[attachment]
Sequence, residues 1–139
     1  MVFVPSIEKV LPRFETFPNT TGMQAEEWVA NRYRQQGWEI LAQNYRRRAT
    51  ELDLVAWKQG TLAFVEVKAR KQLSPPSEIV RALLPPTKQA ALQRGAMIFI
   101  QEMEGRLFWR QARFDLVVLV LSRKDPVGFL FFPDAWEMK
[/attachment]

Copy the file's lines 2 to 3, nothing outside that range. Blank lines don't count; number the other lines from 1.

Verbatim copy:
     1  MVFVPSIEKV LPRFETFPNT TGMQAEEWVA NRYRQQGWEI LAQNYRRRAT
    51  ELDLVAWKQG TLAFVEVKAR KQLSPPSEIV RALLPPTKQA ALQRGAMIFI